Curious about the beauty of Berber carpets? In Morocco, Algeria, Libya, and Tunisia, Berber carpets and rugs have decorated the floors of oases and homes ever since the Paleolithic era. Here, we’ve compiled everything you need to know about this carpeting, named after its original users—the Berber tribe of North Africa’s Barbary Coast whose members spun cloth and rugs from various natural fibers.
First of all, it’s crucial to understand that Berber refers to a type of carpet weave, rather than a type of carpet itself. In fact, Berber carpeting comes in many different carpet fiber types: nylon, wool, polyester, polyprophylene (Olefin), and more. A trademark loop construction creates the classic, woven and knotted look distinct to traditionally woven Berber carpets. As a customer, you have plenty of options when it comes to the size and arrangement of those loops—Berber carpeting comes in a wide variety. Berber rugs typically contain small flecks of dark hues against lighter background colors, which results in a natural and traditional look. Check out some great styles on Houzz.
These days, Berber rugs come in a wide array of color mixes, and are relatively cheap and durable. This makes them a popular choice for areas with significant traffic and wear, such as offices. Besides their resiliency and relatively low cost, Berber carpets are fairly easy to clean. Why is this? Because of its looped construction, spills tend to sit on top of the carpet pile. Which means that as long as you clean up right away, you’ll be able to prevent spills from sinking deep into the fibers. And, in the event that you get to it late, Berber’s traditional flecked and multicolored look is ideal for hiding soil and spills!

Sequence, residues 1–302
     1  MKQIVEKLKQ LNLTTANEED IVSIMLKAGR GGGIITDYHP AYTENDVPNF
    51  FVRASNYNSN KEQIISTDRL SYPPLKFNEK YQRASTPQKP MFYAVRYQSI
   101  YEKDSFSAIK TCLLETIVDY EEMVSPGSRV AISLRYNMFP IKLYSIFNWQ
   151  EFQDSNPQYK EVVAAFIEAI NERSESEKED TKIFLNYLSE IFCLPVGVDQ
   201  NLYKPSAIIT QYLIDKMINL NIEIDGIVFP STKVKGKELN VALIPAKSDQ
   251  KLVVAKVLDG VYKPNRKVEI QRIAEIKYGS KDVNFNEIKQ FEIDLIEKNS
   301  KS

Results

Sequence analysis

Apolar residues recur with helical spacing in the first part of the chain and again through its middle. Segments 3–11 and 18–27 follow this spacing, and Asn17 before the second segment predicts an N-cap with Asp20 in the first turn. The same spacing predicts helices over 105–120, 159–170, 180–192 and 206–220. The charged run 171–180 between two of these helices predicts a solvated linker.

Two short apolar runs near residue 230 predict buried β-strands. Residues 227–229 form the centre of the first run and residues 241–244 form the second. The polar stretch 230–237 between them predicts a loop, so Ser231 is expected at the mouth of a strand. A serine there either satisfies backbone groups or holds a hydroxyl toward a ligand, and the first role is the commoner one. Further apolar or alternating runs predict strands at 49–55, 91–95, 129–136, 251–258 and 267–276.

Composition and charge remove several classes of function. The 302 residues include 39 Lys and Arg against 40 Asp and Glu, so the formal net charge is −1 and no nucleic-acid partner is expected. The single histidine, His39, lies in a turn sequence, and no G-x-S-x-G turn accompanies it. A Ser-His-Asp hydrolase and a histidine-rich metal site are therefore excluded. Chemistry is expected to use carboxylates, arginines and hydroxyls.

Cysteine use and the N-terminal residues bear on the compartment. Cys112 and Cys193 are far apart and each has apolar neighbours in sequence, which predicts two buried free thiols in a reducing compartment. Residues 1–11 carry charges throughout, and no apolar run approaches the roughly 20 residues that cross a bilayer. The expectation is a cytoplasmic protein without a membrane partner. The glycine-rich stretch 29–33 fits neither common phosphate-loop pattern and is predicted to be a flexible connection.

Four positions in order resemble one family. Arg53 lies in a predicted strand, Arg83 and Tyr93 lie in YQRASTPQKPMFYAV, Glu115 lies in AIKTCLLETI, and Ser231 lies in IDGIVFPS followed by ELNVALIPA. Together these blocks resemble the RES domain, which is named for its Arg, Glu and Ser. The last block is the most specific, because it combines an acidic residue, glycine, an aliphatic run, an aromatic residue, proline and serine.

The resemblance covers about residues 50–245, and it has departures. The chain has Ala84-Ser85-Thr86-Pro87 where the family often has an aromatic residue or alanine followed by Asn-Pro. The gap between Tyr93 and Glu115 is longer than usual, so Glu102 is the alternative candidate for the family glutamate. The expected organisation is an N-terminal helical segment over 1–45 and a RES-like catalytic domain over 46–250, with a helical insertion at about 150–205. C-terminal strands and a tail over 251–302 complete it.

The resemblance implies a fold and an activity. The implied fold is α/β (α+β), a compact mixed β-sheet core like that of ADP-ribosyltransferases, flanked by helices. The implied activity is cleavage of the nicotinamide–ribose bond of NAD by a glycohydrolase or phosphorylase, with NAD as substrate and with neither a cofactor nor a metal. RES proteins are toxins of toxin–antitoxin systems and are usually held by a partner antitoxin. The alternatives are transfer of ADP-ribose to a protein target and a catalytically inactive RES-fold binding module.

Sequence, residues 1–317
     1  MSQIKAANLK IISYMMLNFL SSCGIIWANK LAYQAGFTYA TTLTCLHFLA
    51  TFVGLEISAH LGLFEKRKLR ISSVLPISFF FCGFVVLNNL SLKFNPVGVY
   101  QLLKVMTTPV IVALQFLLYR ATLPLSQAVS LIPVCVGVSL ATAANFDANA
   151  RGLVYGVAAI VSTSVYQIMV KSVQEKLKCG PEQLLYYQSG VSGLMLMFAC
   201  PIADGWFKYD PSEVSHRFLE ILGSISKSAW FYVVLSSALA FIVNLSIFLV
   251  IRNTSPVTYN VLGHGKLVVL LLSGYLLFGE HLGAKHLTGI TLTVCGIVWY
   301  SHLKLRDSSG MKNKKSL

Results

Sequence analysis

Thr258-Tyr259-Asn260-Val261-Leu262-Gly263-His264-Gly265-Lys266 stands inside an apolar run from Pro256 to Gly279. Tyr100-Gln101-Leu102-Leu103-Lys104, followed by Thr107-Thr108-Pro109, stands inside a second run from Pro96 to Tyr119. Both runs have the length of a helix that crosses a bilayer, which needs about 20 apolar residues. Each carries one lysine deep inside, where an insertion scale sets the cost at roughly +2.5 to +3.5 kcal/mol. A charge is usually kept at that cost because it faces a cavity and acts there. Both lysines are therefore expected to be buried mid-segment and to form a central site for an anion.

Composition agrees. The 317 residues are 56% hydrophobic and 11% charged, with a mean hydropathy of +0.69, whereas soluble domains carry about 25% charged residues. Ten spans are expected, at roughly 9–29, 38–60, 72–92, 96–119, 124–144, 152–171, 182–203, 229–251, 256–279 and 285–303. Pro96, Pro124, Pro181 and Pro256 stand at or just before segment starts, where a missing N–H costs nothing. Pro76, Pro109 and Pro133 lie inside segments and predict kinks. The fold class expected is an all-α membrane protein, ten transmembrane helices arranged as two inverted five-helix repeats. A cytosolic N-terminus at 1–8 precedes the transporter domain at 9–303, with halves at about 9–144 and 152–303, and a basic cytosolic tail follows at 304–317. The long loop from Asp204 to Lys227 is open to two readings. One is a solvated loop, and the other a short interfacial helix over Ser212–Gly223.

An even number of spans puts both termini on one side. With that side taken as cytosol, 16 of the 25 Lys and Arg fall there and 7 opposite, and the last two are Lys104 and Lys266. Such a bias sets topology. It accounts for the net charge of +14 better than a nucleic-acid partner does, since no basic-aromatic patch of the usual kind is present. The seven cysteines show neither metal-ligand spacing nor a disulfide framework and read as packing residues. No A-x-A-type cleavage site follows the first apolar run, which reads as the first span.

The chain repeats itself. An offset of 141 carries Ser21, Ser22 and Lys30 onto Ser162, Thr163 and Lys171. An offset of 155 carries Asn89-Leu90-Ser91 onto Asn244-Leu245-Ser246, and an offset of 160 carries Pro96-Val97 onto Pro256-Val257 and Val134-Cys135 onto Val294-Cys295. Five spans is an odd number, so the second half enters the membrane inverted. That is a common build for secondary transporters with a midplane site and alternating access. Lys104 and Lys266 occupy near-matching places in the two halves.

While “Berber” has become synonymous with loops, not all Berber carpets have loops. “Cut Berber,” also known as “California Berber,” is indeed loop-less. Some varieties of Berber rugs are made with loops as well as cut-loops. They’re thus known as “Cut and Loop” Berber rugs. Those styles featuring a repeating pattern are known as “Patterned Cut and Loop” Berber carpeting. Such options tend to be costly, but quite elegant and beautiful.
Typically, Berber is priced by knots per square meter. Tunisian Berber is known as one of the best—and knottiest—varieties of Berber carpet on the market. These stunningly detailed rugs are made from wool, camel hair, silk, and more. (In fact, highest-quality silk berber carpets boast up to 250,000 knots per square meter!)
One disadvantage of Berber carpet is its susceptibility to snagging and/or running. Because of its loop construction, you’ll want to avoid dragging furniture or, say, letting a toddler drive a Big Wheels across Berber carpeting. You may also want to consider how Berber carpet and your pet’s claws will interact. You’ll want to clip Kitty’s and Fido’s nails (and make sure Kitty has other places to scratch, too). Another drawback is that, depending on its fibers, Berber isn’t quite as soft underfoot as a cut pile carpet.
Still, Berber carpets lend home and commercial spaces character, history, and value. Our experts at Crystal Carpet & Flooring Company are happy to tell you more about Berber carpeting. Get in the loop—visit our showroom or call today at (910) 685-7353.